Point the Next One: Our favorite plays by the Bard are Macbeth (for tragedy) and Much Ado About Nothing (for comedy). Our favorite screen adaptations are Akira Kurosawa's Ran for images and Kenneth Branagh's Henry V for words.
Point the Third: We love it when Bollywood meets Shakespeare. King Lear, anyone?
Point the Point: We have now added Maqbool, Vishal Bharadwaj's Bollyartsy interpretation of Macbeth, as one of our favorite screen adaptations. We have also now decided that Maqbool is the best Indian movie ever (for real, this time).
The Mac and his Lady.
You can often judge a good Mac-daptation by how the witches are presented. If they cackle out stereotypes and toss plastic frogs into a steaming cauldron, you're probably watching a pretty bad version. If they dress all in black, don't say any lines and perform interpetative dance, get out of the theatre now. Or enjoy it, who knows. Anyway, the witches set the mood and are very important. In Maqbool, Naseeruddin Shah and Om Puri play the witches as two corrupt Hindu cops who like astrology and randy jokes. Yes, we were bought and sold right there.
Statler and Waldorf share yet another embarrassingly vulgar joke.
The movie opens as the play does: rather than gloomy Scotland, we're in the grimy underworld of Bombay, where the power structure is shifting. Two cops (the witches; Naseer and Om) proclaim that the stars are good and then kill a young man from the "rival" criminal organization. With that, Abbaji (King Duncan; Pankaj Kapur) now reigns as crime boss supreme. His second in command is the brooding Maqbool (Macbeth; Irfan Khan), his wife is the much younger Nimmi (Lady Macbeth; Tabu). Nimmi has the hots for Maqbool, and she is both shameless and desperate in her attempts to rope him in. He resists, but doesn't really. One evening, Maqbool and his friend Kaka (Banquo; Piyush Mishra) invite the cops over for some thank-you booze and horoscopes; Panditji (Om Puri) draws a diagram on the floor using mango chutney and proclaims that Maqbool will be a "king of kings", whereas Kaka will father a line of them. Uh oh.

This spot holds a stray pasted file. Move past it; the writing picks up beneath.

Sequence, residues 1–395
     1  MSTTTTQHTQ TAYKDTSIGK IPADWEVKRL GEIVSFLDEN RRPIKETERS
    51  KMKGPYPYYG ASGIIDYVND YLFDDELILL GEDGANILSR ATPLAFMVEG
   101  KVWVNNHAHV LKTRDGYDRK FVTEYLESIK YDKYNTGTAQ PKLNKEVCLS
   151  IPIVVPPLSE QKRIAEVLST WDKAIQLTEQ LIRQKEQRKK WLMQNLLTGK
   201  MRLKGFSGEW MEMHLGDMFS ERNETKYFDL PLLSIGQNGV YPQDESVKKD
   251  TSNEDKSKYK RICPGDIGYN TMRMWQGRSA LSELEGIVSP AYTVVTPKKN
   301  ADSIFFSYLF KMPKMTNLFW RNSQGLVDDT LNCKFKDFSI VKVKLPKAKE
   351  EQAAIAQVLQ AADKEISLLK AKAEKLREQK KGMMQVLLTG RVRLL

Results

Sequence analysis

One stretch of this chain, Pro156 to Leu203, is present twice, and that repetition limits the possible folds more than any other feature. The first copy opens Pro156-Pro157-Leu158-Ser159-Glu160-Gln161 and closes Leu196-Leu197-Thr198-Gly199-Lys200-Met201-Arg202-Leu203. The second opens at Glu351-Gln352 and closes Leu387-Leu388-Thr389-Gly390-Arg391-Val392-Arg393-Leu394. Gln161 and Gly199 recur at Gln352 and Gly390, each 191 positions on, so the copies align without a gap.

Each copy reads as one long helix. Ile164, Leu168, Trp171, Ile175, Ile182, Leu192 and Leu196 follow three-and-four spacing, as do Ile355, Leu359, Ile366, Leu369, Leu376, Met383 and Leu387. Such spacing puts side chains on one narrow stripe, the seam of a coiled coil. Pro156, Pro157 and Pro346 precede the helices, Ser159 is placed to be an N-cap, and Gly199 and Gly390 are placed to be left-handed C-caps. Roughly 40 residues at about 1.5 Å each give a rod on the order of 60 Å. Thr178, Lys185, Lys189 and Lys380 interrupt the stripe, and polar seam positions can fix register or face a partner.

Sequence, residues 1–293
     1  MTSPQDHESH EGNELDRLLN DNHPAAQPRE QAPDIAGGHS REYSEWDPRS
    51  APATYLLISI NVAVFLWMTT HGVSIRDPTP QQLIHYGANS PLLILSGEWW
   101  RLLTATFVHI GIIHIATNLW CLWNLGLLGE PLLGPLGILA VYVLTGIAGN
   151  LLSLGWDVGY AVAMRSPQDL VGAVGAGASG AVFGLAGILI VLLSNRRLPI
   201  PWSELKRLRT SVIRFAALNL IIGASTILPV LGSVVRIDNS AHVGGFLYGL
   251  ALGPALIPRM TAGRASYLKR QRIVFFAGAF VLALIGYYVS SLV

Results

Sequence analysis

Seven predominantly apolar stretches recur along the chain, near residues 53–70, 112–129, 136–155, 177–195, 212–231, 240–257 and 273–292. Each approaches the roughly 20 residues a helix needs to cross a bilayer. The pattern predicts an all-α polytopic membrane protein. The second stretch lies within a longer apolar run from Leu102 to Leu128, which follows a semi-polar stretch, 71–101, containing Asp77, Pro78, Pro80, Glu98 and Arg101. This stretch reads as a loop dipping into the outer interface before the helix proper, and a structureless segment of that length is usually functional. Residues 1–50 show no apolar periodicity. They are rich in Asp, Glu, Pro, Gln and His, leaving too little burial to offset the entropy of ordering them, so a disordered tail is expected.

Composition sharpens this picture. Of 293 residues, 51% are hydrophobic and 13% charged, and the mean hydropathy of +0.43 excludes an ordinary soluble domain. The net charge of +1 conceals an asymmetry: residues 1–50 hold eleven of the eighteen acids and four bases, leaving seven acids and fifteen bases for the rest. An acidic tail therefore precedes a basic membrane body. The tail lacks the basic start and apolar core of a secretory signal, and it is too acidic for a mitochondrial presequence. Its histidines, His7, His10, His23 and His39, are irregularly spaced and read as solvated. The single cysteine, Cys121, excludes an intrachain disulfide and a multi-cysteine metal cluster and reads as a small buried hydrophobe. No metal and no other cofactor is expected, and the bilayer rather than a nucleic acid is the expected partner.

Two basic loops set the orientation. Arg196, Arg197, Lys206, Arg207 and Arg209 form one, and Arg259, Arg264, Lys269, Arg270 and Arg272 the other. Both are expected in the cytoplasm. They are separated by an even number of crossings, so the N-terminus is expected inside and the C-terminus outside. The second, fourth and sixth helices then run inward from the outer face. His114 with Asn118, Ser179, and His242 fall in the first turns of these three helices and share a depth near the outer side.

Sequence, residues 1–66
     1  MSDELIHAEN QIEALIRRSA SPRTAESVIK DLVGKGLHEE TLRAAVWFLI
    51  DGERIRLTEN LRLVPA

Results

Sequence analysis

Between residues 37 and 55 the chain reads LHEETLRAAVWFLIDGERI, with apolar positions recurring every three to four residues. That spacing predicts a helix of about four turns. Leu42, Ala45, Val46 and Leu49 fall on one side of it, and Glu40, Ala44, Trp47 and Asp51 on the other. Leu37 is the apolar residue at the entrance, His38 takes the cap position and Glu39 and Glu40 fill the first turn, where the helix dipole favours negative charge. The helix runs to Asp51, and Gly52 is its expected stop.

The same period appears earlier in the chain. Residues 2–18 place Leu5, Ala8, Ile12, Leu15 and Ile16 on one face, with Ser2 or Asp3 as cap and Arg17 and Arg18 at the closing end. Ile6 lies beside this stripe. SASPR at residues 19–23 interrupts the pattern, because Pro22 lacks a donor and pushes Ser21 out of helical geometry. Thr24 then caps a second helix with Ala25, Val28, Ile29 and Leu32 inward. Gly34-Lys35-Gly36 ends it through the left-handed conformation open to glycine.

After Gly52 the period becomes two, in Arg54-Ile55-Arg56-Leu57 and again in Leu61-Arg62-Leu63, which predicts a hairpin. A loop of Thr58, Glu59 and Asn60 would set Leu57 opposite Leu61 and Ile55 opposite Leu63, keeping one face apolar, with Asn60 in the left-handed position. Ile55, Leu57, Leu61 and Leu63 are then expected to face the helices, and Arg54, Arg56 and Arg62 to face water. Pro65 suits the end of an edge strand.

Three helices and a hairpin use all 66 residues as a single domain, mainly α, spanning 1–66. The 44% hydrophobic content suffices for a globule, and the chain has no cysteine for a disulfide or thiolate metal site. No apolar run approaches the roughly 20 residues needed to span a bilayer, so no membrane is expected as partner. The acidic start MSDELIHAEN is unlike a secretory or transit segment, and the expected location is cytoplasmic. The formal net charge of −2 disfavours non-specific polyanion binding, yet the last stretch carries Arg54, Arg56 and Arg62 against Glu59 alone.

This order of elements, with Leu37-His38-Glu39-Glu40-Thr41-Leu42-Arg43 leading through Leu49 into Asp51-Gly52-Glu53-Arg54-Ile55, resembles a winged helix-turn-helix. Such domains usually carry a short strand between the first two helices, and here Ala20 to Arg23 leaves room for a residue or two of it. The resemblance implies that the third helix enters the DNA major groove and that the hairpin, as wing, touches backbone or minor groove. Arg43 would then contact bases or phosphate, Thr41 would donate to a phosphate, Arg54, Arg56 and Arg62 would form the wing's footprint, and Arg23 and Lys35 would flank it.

As any Macbeth-fan knows, what follows is a bloodbath wherein Maqbool, driven by Nimmi's urging, kills Abbaji and then must confront both his rivals for the throne and his own escalating paranoia. Banquo's ghost shows up at dinner, Lady Macbeth can't get the blood off her hands (face, in this case). It all ends, well, badly... except for the witches/cops, who have the satisfaction of seeing every detail they predicted fall neatly into place. You can read the original here.
Nimmi/Lady M in a rare moment of happiness.
When we heard about this Bombay crime adaptation of Macbeth, we thought, "OK, that should be fun." But we never imagined how interesting it would be as well. A fellow blogger mentioned the fascinating religious dichotomy in the story: Maqbool, Abbaji and the gangsters are all very actively Muslim, while the witches are very actively Hindu. As Prof. Singh says:
Moreover, the casting of a Pandit in the role of Shakespeare's witches (though you only see the connection if you know Shakespeare's play) balances the equation a bit. For Bhardwaj, Hindu astrology is akin to witchcraft; Islam is the normative belief-system.
We at the PPCC, who have no means of picking up on these cultural reference points unless they're painfully obvious, are always very interested in learning more about South Asian culture and especially better understanding its artistic output. In fact, we had another wonderful moment of cultural illumination in the first song of the film. In it, Maqbool and Nimmi are walking to the mosque, where they will meet the rest of the mobsters (who chose to drive). The song has beautifully romantic lyrics (We stand face to face/Oh worship of my eyes/Grant me this favor/That when I fall at your feet/May I never rise again/May my life run its course), so we went, "Wow, hey passion." Then, when the characters sat down to listen to the closing verse, we realized it was a qawwali ghazal, so the song was actually one of those devotional Sufi songs in secular disguise! What glee when we figured this out! And what a smart, contextual choice!
The song itself. Pardon the jumpy video.
The movie also manages to capture the bleakness and intensity of Shakespeare's original. Partly this is owed to Irfan Khan and Tabu's performances. Irfan's Maqbool is a ticking time bomb of barely-contained violence, always surpising us with his explosions. Tabu does a very good job of showing us Nimmi's somewhat precarious mental stability already early on in the film, this makes her transition to the crazy Lady M of the Second Act seamless and believably creepy. If we have one criticism regarding the performances, we thought Pankaj Kapur's Abbaji was a little too Marlon Brando with his cinema-gangster affectations, whispy voice included. Naseer and Om are lovely as the ever-present witches; they seemed to enjoy it too, playing them as two randy old best friends who are shamelessly cowardly (basically Statler and Waldorf meet R2D2 and C3PO). And we like it when they're friends in movies, it makes us feel fuzzy inside.
This is the same couple that literary critic Harold Bloom called the one of the only "really in love" lovers of Shakespeare.
Stream the soundtrack!